Iceland is famous for its fish and has become the poster country for developing a quota system for its fishermen, which ensures responsible and sustainable fishing and responsible fishing practices. Iceland began sea limiting in 1901, marking off a zone that could be fished by Icelanders alone. It began as an area of 3 miles, but by 1976, it had expanded to 200 miles. Protecting the diminishing stocks of cod and haddock was determined to be important at the time – and for Icelanders, it made sense to develop limits.


Icelanders also adhere to fish limits. The amount of fish that each fisherman can catch is regulated. In 1995, a workable system of quotas was introduced and the total cod catch was restricted to a maximum of 25% of the estimated stock. Still in place today, each vessel is allocated a certain share of the total allowable catch of the relevant species. Twice a year, in spring and autumn, scientists re-evaluate these quotas after testing the biomass. Fishing grounds are temporarily shut down if stocks fall. This approach has proved so effective, that in 2010, Iceland was awarded its own marine stewardship label certifying its responsible practices.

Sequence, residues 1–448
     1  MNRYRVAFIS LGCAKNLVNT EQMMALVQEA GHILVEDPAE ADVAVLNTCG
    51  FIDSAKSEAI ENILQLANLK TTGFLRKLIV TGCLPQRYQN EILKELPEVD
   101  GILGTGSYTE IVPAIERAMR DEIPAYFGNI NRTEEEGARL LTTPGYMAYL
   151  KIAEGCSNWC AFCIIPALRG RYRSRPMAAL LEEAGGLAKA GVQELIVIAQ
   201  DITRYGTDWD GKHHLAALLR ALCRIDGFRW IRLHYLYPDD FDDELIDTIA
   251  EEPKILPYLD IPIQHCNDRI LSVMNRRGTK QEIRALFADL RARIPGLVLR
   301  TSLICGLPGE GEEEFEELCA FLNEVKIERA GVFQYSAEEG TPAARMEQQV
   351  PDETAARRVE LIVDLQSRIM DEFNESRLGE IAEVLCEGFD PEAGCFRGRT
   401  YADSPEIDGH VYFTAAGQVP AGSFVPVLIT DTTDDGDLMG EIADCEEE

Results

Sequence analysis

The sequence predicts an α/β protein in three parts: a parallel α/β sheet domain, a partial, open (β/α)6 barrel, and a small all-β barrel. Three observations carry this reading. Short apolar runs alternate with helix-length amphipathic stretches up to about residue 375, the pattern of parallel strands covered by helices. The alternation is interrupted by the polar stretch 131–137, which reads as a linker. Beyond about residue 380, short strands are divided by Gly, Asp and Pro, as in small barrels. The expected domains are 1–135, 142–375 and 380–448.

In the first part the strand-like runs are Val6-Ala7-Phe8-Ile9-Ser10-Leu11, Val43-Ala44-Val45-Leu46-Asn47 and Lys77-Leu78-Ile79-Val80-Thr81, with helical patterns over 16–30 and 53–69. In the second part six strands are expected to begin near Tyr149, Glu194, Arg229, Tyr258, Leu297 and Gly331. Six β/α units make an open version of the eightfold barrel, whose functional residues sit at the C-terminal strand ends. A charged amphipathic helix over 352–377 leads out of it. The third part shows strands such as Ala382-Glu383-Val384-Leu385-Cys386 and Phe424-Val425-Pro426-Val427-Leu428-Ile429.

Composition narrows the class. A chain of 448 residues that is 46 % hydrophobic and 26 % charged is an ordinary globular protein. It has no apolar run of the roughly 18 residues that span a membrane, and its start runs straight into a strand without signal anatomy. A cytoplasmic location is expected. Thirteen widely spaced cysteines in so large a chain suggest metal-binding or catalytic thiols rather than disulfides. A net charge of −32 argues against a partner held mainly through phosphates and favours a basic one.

The Philippines


The Tagbanua people of the Philippines have traditionally employed fishing practices that simultaneously allow them to harvest and maintain fish populations – practices which they continue to adhere to today. Tagbanuas fish for specific species only during certain times of the year – times they determine by the observation of the tides and the moon – thereby allowing fish stocks to replenish themselves. The Tagbanua people have also set aside certain areas, such as coral reefs, as protected spots in which fishing is prohibited. When they do fish, these traditional fishers primarily use hook-and-line methods, catching only what they need to feed themselves and their communities. This is by far the most successful way to ensure sustainability.